Nicaragua’s prosecutors presented accusations against imprisoned former presidential candidates Felix Maradiaga, Juan Sebastian Chamorro and Arturo Cruz. Five other opposition leaders, also in jail, received the same charge.
By Octavio Enriquez (Confidencial)
HAVANA TIMES – Former presidential hopefuls Felix Maradiaga, Juan Sebastian Chamorro and Arturo Cruz, together with five other opposition leaders, were formally accused on Thursday, August 26. According to a statement from the Prosecution, the eight were charged with the catch-all authoring of a “conspiracy to undermine the national integrity.” The Prosecutor’s Office, which issued the accusation, is controlled by Daniel Ortega, as is the entire Nicaraguan Justice System.
The malicious accusation was accepted at a hearing where neither the independent press nor the accused parties’ lawyers were allowed access. At the same hearing, it was determined that five others would be processed for the same allegations: former assistant foreign minister Jose Bernard Pallais; former president of the Superior Council of Private Enterprise Jose Adan Aguerri; Violeta Granera and Tamara Davila, both leaders of the opposition Blue and White National Unity; and – in absentia – political analyst Manuel Orozco Ramirez, who currently directs the Center for Migration and Economic Stabilization in Washington D.C.
According to Article 410 of Nicaragua’s Criminal Code, which was cited in the Prosecution’s statement, the accused could be sentenced to 10 – 15 years in prison.
During the secret hearing, the accused were remanded to custody, although they already were in jail, where they’ve been held incommunicado for weeks. A new arrest warrant was put out for Manuel Orozco, who’s out of the country and thus not currently in jail.
Ana Lucia Alvarez, Tamara Davila’s sister, denounced on Twitter that “none of the lawyers the families have chosen to defend the political prisoners were notified of the supposed preliminary hearing.”
She added that the charges against the political prisoners, “remain invisible in the Court’s online information system, even though the hearing was supposedly held yesterday.”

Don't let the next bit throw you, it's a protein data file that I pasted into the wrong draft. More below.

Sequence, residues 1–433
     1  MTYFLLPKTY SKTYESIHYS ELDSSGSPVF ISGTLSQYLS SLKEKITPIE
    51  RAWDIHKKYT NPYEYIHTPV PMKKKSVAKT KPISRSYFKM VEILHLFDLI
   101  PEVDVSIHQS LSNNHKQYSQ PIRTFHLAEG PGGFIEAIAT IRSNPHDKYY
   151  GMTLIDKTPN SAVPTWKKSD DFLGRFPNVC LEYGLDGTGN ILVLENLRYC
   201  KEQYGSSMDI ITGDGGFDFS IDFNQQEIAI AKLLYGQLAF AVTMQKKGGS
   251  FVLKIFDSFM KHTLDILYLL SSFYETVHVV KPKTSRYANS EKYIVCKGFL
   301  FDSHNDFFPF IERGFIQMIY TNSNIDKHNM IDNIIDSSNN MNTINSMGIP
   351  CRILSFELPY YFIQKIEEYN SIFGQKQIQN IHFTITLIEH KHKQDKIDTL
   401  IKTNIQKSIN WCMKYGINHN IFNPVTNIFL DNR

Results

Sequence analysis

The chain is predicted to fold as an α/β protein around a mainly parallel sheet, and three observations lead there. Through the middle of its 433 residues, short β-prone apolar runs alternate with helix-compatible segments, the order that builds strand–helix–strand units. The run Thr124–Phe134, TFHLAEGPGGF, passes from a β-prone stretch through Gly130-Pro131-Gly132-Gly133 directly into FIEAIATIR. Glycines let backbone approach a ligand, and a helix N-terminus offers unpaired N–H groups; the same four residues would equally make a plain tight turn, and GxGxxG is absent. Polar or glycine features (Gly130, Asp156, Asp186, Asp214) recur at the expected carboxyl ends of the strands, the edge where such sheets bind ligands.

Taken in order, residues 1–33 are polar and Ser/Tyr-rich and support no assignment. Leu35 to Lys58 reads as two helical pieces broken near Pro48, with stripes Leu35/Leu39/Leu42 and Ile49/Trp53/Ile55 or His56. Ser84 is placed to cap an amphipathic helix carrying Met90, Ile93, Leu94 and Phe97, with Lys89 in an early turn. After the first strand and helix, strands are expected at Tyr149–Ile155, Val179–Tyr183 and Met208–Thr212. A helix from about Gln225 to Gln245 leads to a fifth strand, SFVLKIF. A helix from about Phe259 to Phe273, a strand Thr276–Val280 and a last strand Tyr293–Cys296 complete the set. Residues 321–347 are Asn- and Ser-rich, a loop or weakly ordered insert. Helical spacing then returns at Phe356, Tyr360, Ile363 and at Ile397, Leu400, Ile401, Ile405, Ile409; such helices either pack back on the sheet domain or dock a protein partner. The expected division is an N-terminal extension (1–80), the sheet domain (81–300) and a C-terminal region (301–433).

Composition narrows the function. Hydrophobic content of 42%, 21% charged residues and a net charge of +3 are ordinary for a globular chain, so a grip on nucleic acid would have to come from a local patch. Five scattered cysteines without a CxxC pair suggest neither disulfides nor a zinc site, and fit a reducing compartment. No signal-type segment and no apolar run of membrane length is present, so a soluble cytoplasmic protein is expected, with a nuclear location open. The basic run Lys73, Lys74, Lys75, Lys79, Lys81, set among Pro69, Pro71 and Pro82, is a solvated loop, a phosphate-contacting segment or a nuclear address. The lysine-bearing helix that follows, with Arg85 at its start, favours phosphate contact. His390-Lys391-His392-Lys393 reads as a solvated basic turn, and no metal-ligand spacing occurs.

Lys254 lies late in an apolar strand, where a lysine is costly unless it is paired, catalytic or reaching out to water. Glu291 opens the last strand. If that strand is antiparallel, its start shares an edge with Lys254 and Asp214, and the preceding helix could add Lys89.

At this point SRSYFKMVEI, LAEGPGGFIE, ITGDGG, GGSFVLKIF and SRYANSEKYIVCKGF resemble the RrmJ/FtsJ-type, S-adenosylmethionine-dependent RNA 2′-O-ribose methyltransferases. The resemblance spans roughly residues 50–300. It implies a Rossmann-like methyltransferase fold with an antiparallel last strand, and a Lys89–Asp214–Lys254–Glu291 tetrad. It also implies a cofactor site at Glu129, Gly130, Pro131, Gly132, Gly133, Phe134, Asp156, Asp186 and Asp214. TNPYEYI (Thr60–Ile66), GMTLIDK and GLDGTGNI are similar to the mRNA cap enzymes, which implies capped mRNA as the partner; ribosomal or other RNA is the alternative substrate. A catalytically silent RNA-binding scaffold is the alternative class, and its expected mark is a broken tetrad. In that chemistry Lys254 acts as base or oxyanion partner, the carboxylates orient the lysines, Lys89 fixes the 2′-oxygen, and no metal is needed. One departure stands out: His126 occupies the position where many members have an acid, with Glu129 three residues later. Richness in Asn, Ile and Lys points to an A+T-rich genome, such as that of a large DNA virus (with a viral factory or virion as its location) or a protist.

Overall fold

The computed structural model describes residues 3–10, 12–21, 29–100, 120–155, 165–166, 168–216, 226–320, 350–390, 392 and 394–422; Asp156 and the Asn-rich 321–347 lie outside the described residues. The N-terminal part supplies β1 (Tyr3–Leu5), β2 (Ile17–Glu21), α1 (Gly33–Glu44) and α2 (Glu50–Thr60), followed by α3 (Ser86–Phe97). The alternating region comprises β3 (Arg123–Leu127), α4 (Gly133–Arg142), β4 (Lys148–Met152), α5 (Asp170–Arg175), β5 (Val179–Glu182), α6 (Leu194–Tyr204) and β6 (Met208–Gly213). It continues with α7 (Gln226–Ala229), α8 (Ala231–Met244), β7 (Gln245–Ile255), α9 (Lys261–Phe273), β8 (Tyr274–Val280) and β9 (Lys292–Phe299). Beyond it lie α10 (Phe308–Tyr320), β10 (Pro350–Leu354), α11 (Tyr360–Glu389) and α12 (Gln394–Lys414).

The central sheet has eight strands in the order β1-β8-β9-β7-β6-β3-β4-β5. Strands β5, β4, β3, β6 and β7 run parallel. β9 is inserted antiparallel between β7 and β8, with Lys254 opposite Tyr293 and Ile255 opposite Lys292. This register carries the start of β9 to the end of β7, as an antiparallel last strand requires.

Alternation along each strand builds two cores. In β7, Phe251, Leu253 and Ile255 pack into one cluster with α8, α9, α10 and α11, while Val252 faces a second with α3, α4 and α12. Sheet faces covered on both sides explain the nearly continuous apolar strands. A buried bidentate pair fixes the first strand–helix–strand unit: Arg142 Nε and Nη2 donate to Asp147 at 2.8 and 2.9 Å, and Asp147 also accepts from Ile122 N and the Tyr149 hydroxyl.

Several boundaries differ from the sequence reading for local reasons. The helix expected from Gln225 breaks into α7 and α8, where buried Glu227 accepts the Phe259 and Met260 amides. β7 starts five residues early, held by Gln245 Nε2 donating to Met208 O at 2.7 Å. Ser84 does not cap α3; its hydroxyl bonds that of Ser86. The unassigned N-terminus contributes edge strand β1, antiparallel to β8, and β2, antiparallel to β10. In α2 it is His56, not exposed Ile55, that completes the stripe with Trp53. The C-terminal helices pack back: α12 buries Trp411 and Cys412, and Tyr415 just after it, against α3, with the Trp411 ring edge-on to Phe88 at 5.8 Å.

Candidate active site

Ana Lucia noted that these actions by the Judicial powers show: “a clear intention to continue hiding information and impeding the right to defense,” which, by law, the prisoners’ relatives have.
Cristiana Chamorro the first to be accused
The new accusation came one day after the regime broadened the accusation against former presidential candidate Cristiana Chamorro Barrios. Chamorro has been accused of money laundering while directing the Violeta Barrios de Chamorro Foundation. The legal process against Chamorro and others linked to the Foundation has been plagued with irregularities. Lawyers have denounced that they haven’t even been permitted to speak with their clients, nor review the case files.
The Prosecution then extended the false charges filed against Cristiana Chamorro to two of her brothers – Pedro Joaquin and Carlos Fernando Chamorro Barrios. The latter directs the digital and television news site Confidencial. The regime is accusing him of laundering Foundation assets, although he has no economic ties with the Violeta Chamorro Foundation. The journalist has denounced the political trial as an attempt to silence the independent press.
The regime’s new wave of repression is happening at a moment when the 90 days the authorities gave for investigating the jailed opposition figures have not yet ended. All were arbitrarily abducted during the latest repressive phase that Ortega began at the end of May, aimed at eliminating his political competition for November’s scheduled elections. Held incommunicado, they are considered under “forced disappearance” by Amnesty International. It’s now widely agreed that the regime’s actions eliminated any legitimacy that these elections might have had.
In the context of the electoral process, the Nicaraguan authorities have arrested seven former presidential candidates. Aside from the four mentioned above – Cristiana Chamorro, Arturo Cruz, Felix Maradiaga and Juan Sebastian Chamorro – opposition candidates Miguel Mora, Medardo Mairena and Noel Vidaurre are currently in prison, while the regime “investigates” them for alleged treason.
The National Police, whose chief, Francisco Diaz, shares family ties with President Daniel Ortega, have also abducted one former foreign minister; two former assistant foreign ministers; one ex-ambassador; two dissident former Sandinista guerrillas; a business leader; a banker; a former first lady; and six opposition leaders.
They have also imprisoned two student leaders, two rural leaders, a female human rights lawyer, a political analyst specializing in political and electoral systems, a journalist, a sports commentator, two former workers with an NGO, and Cristiana Chamorro’s former driver.
Two others who formerly announced interest in running for president in an opposition primary – María Asunción Moreno and former Contra leader Luis Fley – later fled Nicaragua, allegedly for security reasons.
The Police base their arrests on the catch-all “Law for the Defense of the People’s Right to Independence, Sovereignty, and Self-Determination for Peace”, popularly known as the “Sovereignty Law”. This law was steamrolled through Nicaragua’s FSLN-dominated National Assembly last December.
The controversial law establishes a category known as “traitors to the nation”, who are then inhibited from opting for public office as well as being jailed. Many have also had their homes ransacked by the police.
[Editor’s Note: On Friday August 27 two more of the imprisoned opposition leaders, Dora María Tellez and Ana Margarita Vigil, were accused in a secret hearing of “conspiracy,” and like the others, will remain in prison indefinitely.]